turn a aweatshirt into a cropped cardigan

Cut a dipped/curved hem, removing the hem band in the process…

turn a aweatshirt into a cropped cardigan

Cut the sleeves down to my preferred “bracelet” length, leaving a little extra for turning…

turn a aweatshirt into a cropped cardigan

Turn and hem the cuffs and bottom hem…

turn a aweatshirt into a cropped cardigan

Turn and stitch a narrow hem arround the neckline. This would normally be a no no but as this fabric had a degree of stretch (and I didn’t have any fabric left for a facing) I went with it and it worked fine 🙂

turn a aweatshirt into a cropped cardigan

Then turn under and stitch either side of the opening….

turn a aweatshirt into a cropped cardigan

In all instances stitch as close to the raw edge as poss. This will give you a super clean finish and as you can see, that rule breaking I did with turning rather than facing the neckline? Not a problem 😉 Still a nice clean corner there . You can also see a double row of stitching along the vertical edge of the opening. (Partly decorative. Partly functional)

turn a aweatshirt into a cropped cardigan

And that’s that! It’s a perfect little extra layer to chuck on and much much less blah than the original! Even better, it takes about 30 mins. Gotta love fleece/sweatshirt fabric! More sweatshirt stuff coming up this week. Watch this space!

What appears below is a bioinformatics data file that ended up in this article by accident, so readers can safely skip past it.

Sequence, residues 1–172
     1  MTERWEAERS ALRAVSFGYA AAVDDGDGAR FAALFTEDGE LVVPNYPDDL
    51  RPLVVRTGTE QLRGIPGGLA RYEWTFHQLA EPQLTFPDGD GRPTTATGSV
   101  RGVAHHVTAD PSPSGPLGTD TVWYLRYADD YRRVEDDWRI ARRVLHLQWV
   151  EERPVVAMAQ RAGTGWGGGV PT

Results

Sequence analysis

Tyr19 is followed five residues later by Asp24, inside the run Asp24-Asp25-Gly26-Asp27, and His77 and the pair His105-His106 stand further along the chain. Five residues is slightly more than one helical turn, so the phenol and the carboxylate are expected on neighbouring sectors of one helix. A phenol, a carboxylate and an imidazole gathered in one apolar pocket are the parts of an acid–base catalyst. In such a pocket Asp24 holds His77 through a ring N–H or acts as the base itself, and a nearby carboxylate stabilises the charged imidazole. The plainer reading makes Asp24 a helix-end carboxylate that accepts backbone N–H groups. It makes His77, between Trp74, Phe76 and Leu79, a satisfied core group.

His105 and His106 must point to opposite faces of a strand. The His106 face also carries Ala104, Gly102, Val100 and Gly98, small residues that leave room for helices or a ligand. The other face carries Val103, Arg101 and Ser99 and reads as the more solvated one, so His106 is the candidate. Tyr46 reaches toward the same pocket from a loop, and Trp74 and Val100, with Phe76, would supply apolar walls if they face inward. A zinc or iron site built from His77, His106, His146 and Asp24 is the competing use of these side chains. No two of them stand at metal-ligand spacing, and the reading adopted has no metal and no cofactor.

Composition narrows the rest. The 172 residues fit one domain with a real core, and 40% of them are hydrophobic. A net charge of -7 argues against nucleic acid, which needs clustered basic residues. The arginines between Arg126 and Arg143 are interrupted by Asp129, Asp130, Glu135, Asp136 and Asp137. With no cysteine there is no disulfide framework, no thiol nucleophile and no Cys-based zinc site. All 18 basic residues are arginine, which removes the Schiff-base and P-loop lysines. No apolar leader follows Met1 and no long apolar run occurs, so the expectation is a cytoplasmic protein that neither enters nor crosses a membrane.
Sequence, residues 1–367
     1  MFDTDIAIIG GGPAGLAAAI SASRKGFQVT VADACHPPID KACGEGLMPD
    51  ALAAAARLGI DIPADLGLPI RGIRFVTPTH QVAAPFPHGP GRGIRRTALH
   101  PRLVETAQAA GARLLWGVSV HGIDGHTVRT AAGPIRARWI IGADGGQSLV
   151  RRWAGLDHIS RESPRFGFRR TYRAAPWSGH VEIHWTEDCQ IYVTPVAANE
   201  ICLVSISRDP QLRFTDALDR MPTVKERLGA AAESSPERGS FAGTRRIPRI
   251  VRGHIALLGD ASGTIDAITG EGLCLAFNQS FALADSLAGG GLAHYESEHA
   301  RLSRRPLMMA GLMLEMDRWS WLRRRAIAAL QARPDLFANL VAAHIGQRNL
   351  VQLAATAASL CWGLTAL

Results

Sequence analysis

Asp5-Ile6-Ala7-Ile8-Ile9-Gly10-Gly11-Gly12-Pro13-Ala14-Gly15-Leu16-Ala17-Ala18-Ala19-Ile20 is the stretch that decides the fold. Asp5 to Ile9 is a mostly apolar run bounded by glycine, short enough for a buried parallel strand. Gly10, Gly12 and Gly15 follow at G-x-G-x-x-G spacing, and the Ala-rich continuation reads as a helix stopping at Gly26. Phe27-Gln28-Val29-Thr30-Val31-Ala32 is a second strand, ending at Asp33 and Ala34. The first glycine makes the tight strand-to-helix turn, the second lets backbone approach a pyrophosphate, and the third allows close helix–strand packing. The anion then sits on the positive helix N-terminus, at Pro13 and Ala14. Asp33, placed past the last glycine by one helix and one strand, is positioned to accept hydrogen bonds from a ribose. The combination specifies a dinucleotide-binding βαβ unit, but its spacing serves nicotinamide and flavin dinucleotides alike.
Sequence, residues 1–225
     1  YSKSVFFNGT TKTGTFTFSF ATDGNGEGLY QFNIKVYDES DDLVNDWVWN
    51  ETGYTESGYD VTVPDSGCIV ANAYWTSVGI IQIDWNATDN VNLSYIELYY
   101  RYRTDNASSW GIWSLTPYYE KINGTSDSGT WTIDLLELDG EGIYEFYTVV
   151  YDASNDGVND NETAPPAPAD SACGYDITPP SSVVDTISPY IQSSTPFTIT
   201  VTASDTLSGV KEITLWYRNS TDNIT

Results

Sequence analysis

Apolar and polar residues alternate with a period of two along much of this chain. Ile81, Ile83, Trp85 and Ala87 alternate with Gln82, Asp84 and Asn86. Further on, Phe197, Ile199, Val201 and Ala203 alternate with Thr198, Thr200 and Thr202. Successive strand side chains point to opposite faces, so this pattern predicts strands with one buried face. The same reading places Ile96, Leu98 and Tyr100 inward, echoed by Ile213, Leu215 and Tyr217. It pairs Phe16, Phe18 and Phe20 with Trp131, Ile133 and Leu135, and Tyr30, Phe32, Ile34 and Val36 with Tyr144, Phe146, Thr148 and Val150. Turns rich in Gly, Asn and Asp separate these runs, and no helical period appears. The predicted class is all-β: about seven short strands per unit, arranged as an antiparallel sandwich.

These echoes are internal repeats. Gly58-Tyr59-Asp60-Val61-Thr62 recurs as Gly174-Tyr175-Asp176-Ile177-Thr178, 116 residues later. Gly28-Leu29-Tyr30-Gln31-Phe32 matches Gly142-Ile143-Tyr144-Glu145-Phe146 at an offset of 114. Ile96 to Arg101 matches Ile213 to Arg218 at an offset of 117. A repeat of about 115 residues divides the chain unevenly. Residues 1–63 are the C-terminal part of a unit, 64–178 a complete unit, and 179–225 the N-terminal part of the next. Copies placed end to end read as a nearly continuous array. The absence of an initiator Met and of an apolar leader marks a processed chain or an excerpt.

Tweet about this on TwitterShare on FacebookPin on PinterestGoogle+

Refashion: Contrast Texture Sweatshirt

This sweatshirt has been sitting in my refashion pile for several weeks. I have a preference for raglan sleeve sweatshirts as I find the fit more flattering. But this sweatshirt was so soft I nabbed it from the charity shop anyway. What’s more the underside of the fabric was really interesting to me (loopy terry texture and a pinkier colour than the right side) and even as I was lifting it off the rack in the shop, I knew I wanted to play with contrasting the wrong side of the fabric with the right side…sweatshirt refashion (1)

Whilst I am not overly sold on the final fit of this garment, I am in love with the contrast elements of it. I think it’s a really effective way of adding some interest to a plain sweatshirt and has applications for both refashioning and “from scratch” dressmaking. I’m sure it’s not just me that looks at the “wrong” side of the fabric and thinks….well that’s just as interesting as the intended right side. In fact I often spend time deciding which side of the fabric I prefer and want to use. The answer could be…..use both sides!sweatshirt refashion - contrast texture detail

The sleeves were a simple case of removing the ribbing cuffs and creating a turn up to display the underside of the fabric.

The triangular panels are also pretty simple. I did wing this a bit as it was an experiment. So there’s a couple of areas where I’ll tell you what I should have done to make things easier. But hey, the outcome is pretty much the same!sweatshirt refashion (14)

I began by opening the whole thing out. I knew I was going to need to reshape it at the side seams anyway. So began by cutting it open along the side seams and underarm seams…from the hem all the way to the cuff. Both Sides.

In this pic the whole thing is opened out (like a big cross) and then folded along the length, lining up sleeves and side seams so it lays flat and I could deal with the front and back of the sweatshirt separately. This is the front. I marked out and cut a wedge from the side. From the underarm to the hem. Cutting through both layers at once…sweatshirt refashion (15)